The Healing Power of Herbs

By | July 9, 2014

The Healing Power of Herbs

Pharmaceutical remedies are not only expensive, but sometimes have some side-effects ranging from irritating to nearly incapacitating. There is another option to take, however: herbal remedies. Herbal remedies have been in use for all of recorded history, and used as medicine before the advent of drugs and biochemical medicine. There were only two ways to get healing back then, either magic and prayer, or plants with known healing properties. Since the spiritual is far beyond the scope of this article, the following will focus on healing herbs.

Healing HerbsA herb is a plant that produces seeds, but does not produce tough woody tissue, as do trees and shrubs. Instead, herbs tend to have thick stems or leaves for holding water. Catnip, chamomile, spearmint, and hyssop are some commonly known herbs. Spices are plants that have a certain powerful smell or taste, like allspice, cumin, paprika, and rosemary. Some herbs are spices, but not all spices are herbs. Herbs that are spices include cinnamon and mace.

Herbs and spices are usually prepared through sun-drying or curing in their native environments. Ginger root, for instance, is harvested, then cleaned and dried, before it is exported. The root can be peeled, or it can be boiled in sugar to preserve it for transportation. The buds of the Syzgyium aromaticum tree can be dried before they open to make cloves. The berries of the Piper nigrum plant are dried to make peppercorns. Nutmeg is made from the seed of a certain evergreen tree. That seed is what is dried and ground or grated to make the spice.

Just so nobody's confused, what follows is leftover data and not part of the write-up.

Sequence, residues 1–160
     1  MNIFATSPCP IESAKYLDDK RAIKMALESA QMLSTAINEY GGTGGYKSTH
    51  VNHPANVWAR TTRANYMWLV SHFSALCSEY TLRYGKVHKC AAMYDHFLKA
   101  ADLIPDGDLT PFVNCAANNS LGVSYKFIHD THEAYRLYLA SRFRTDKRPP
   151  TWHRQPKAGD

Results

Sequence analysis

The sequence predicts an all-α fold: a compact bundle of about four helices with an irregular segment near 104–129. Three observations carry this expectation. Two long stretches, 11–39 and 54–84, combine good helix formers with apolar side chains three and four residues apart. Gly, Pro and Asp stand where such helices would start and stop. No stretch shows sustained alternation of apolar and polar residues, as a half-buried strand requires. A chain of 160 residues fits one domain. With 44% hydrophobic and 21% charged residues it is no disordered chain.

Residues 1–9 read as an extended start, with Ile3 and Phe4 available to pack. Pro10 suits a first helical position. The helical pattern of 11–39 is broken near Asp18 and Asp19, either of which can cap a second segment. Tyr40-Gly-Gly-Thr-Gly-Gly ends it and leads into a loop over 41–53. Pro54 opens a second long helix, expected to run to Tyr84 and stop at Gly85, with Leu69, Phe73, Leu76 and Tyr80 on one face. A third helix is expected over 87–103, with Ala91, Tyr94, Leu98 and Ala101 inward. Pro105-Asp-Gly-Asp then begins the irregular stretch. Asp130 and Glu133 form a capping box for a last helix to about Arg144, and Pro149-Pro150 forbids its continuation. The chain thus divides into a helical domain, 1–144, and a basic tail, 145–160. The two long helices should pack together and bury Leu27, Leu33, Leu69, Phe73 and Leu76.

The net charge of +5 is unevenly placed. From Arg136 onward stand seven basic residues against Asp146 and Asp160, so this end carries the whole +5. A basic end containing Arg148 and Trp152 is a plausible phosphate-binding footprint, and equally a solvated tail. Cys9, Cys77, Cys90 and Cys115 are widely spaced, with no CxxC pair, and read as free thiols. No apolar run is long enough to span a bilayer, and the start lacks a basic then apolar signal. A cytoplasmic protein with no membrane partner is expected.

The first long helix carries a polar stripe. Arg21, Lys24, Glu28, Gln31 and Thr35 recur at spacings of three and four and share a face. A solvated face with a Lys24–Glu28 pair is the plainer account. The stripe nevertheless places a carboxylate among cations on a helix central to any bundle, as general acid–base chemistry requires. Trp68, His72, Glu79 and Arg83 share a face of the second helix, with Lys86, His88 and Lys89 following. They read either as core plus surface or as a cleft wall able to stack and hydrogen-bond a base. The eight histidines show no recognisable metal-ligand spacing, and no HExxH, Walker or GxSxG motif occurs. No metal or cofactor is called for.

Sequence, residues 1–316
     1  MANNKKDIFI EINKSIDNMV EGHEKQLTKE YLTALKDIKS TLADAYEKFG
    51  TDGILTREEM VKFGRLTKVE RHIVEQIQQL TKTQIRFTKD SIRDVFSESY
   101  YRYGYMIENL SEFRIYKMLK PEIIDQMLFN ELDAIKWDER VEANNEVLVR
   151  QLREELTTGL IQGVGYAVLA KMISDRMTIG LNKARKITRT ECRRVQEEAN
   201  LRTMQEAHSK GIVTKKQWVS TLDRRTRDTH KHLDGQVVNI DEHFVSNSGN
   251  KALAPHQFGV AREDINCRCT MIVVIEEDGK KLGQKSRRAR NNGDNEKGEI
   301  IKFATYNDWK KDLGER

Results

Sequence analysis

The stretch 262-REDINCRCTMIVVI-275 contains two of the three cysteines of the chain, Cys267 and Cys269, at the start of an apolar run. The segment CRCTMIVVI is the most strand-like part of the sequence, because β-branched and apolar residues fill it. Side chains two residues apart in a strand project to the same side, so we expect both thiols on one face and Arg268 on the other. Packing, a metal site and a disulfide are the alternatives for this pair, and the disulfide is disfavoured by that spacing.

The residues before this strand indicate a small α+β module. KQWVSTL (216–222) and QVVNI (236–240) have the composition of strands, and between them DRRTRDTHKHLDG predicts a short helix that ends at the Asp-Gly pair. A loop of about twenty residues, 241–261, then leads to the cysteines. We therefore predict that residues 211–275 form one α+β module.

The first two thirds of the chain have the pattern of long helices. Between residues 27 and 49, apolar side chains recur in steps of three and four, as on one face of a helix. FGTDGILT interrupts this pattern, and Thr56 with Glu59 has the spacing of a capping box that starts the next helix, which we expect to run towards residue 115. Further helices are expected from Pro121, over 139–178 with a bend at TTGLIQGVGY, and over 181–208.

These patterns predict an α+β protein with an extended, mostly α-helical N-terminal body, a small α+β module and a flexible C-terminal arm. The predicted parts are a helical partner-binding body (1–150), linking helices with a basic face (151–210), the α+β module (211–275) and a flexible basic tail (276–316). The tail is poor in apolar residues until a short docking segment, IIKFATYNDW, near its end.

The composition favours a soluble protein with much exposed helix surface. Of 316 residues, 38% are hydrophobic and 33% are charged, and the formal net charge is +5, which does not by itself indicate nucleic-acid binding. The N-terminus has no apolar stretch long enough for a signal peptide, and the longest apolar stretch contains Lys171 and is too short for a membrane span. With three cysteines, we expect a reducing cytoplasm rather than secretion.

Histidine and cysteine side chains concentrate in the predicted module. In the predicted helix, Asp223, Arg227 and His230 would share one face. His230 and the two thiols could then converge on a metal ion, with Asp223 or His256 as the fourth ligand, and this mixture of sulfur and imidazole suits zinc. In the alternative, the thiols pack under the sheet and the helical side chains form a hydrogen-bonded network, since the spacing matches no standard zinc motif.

Herbs can be astringents to slow or stop blood flow. Herbs can be alkalinizers or acidizers to raise or lower the pH of the blood, respectively. Herbs can be tonics to refresh or invigorate, diuretics to promote the flow of urine, or laxatives. Some relax the nerves, while others excite the nerves. Some herbs even serve more than one of these functions.

Different parts of an herb can have different effects. Depending on the particular plant, the flowers, leaves, buds, stems, or roots may or may not be used for treatment. The way to prepare the herbs also differs. Some herbs can be steeped and drunk as tea, or used to wash in. Some are prepared as tinctures, using alcohol to active it.

Before using any herbs as remedies, always consult a herbal professional. Most herbs are completely harmless, but others can be harmful if taken in large doses. It is important to know about an herb prior to taking it for medicinal purposes. Follow any dosing instructions very carefully, especially if the herb is for children.

The Internet is full of information about herbs and other forms of non-conventional medicine. Libraries are always a good source of knowledge for anyone who wants to know more about herbs and their uses. Another good place for discovery is the localhealth store that carries herbs. These often have those who are well-versed in the ways to prepare herbs and may well be the best possible source of information on the healing power of herbs.